Tasty barbecue can be a chip off the good ole' cherry branch

April 01, 2001|By Rob Kasper

Woodsman, save those branches! That is what I found myself saying recently as I watched a fellow trim the trees in our back yard.

I wasn't worried about branches that were still attached to the trees. Rather I was looking at the sawed-off limbs that were sitting on the ground, waiting to be tossed in the tree trimmer's truck. I wanted some of them for my backyard barbecue work.

The branches I had my eyes on were from a cherry tree. Like most fruit woods, cherry can impart wonderful flavors to food prepared in a kettle cooker. You simply soak bits of the wood in water for a few hours, toss them on charcoal fire and let the smoke go to work on whatever you have plopped on the grill. Cherry wood adds a smoky sweetness to red meats.

While bags of apple wood chips can usually be found in outdoor- cooking stores, sitting next to ever-present bags of hickory and mesquite, cherry wood is hard to come by. So the other morning when I saw branches from our backyard cherry tree on the ground, I set down my coffee cup and shuffled out to the back yard and grabbed some of the smaller sawed-off limbs. The tree trimmer didn't mind. Any limb I claimed was one less that he would have to haul away.

Later, I used them when I grilled hamburgers. As soon as the coals turned ashen, I tossed two handfuls of cherry chips on them. I was using the indirect method of cooking, with coals pushed to the sides of the kettle. As soon as the chips were on the coals and the burgers were on the grill, I put the lid on the kettle cooker, making sure that the vent holes at the bottom of the cooker and the top of the lid were open. Soon I could smell the union of grilled meat and cherry wood. The results were juicy hamburgers, blessed with the mild, but distinct, flavor of cherry wood. My family polished them off.

A few nights later I tried the cherry wood treatment on grilled salmon and asparagus. It was more complicated to prepare, but the result was so delectable, it made me wish I had grabbed a few more fallen cherry branches.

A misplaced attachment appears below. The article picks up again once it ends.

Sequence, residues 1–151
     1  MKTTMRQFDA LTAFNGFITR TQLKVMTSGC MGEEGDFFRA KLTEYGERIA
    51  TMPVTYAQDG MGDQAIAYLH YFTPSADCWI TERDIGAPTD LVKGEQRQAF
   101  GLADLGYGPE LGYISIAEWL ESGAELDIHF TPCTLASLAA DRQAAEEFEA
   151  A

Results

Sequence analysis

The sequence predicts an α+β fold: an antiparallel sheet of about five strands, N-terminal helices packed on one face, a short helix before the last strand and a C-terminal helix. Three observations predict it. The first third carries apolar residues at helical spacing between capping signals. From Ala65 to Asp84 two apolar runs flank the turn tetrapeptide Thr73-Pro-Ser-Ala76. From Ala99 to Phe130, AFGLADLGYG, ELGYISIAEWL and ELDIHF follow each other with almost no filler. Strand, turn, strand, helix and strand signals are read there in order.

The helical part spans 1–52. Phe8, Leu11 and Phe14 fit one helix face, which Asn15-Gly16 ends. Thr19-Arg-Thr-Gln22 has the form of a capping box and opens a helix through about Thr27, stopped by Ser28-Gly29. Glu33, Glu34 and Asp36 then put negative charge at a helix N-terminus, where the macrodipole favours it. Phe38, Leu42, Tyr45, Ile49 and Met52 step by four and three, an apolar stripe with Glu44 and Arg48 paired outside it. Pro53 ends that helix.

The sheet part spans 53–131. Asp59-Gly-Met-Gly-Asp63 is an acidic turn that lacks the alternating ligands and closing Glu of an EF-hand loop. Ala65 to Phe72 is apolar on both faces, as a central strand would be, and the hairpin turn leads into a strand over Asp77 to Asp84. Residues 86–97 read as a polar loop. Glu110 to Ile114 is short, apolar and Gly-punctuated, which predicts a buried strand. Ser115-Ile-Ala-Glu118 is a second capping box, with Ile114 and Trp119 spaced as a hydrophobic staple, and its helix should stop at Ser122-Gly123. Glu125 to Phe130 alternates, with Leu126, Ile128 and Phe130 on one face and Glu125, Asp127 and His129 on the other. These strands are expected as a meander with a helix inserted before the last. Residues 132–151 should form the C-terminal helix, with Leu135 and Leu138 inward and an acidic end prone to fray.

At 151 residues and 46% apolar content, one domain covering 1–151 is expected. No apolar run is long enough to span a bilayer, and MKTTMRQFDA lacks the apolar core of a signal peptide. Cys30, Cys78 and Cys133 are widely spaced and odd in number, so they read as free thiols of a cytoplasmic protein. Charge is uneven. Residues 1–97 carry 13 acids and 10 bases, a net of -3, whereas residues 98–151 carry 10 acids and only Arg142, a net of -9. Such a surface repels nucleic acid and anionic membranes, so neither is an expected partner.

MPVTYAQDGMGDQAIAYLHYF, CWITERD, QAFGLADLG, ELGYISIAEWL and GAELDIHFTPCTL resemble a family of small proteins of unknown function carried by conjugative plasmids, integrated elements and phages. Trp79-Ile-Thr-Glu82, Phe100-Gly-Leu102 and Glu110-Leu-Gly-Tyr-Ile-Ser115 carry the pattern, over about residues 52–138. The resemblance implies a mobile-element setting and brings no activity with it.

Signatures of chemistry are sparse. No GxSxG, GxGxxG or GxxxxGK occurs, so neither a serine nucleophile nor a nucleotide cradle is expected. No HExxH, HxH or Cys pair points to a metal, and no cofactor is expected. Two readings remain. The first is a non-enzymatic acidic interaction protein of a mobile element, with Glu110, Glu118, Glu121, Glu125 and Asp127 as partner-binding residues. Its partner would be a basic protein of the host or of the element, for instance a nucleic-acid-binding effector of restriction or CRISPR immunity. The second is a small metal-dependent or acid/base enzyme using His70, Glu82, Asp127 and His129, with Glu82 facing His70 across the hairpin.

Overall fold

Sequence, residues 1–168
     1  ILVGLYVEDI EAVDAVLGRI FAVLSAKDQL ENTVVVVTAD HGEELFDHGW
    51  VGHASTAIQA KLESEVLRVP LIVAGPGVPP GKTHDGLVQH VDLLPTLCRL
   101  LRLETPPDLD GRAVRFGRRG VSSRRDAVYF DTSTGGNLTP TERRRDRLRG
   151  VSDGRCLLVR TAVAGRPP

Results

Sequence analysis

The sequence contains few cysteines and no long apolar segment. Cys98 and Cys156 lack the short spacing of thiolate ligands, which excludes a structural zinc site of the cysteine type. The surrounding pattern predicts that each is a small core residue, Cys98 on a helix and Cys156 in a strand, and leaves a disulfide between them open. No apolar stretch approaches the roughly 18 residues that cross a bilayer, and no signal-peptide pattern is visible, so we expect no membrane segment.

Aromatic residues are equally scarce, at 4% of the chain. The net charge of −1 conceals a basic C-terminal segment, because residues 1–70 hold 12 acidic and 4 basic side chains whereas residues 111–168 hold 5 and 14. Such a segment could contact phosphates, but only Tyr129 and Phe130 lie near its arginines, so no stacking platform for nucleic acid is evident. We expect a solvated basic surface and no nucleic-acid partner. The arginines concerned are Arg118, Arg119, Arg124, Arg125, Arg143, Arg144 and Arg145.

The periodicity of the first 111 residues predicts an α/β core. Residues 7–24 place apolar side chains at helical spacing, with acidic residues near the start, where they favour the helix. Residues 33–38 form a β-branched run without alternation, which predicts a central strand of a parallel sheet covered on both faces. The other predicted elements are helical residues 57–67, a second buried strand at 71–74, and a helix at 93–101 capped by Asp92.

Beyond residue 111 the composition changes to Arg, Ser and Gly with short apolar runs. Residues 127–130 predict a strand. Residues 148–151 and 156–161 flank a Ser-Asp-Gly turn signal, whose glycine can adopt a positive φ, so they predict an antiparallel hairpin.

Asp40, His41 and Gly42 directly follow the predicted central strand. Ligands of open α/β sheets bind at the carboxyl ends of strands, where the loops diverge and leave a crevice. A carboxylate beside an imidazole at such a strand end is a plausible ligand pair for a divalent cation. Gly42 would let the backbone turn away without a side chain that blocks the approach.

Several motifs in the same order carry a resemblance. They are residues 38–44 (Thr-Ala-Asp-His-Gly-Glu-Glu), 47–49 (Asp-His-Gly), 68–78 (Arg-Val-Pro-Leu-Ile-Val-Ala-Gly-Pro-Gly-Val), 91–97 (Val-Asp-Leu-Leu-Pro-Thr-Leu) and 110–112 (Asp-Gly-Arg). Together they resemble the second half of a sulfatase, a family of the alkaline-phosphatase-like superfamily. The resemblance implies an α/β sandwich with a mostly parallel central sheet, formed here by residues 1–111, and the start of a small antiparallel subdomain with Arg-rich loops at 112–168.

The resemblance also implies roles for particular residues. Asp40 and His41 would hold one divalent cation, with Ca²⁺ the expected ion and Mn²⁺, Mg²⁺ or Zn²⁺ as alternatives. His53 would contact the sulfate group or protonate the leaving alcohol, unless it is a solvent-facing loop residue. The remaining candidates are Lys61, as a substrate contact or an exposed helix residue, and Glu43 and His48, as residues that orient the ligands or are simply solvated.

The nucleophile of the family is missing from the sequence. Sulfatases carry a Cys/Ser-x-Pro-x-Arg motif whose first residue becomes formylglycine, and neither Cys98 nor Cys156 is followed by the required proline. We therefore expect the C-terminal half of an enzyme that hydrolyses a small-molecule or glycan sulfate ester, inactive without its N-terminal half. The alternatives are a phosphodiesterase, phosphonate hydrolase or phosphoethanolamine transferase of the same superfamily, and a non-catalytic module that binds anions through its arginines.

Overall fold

Grilled Salmon and Asparagus

Serves 4

FOR ASPARAGUS:

1/3 cup olive oil

2 tablespoons fresh lemon juice

1 teaspoon dried dill (or 2 tablespoons chopped fresh dill)

1 teaspoon salt

1 / 4 teaspoon fresh ground pepper

1 pound asparagus spears

FOR SALMON:

2 pounds salmon fillets

2 tablespoons olive oil

salt and pepper, to taste

4 tablespoons fresh chopped fresh dill

1 lemon sliced thinly

In a small bowl, whisk together the oil, lemon juice, 1 teaspoon dried dill, salt and pepper. Cut off tough ends of asparagus and arrange them in a shallow glass dish. Pour mixture over asparagus and set aside for 30-60 minutes, turning at halfway point.

Prepare a fire for indirect cooking in a covered grill, but hold off putting in grill rack.

Prepare the salmon by rubbing with olive oil, sprinkling liberally with salt, pepper and the chopped dill. Toss handful of cherry wood chips on coals. Place grill rack in cooker and place salmon in middle of grill rack so no coals are directly underneath the fish.

Remove asparagus from marinade and place it around fish, being careful to avoid dropping spears through grill. Cover and cook 10 minutes. Flip fish, cook until the flesh is opaque throughout, or until an instant read thermometer reads 140 F. when inserted in the thickest part of the fish. Transfer fish and asparagus to warm platter and surround fish with lemon slices.

Baltimore Sun Articles
|
|
|
Please note the green-lined linked article text has been applied commercially without any involvement from our newsroom editors, reporters or any other editorial staff.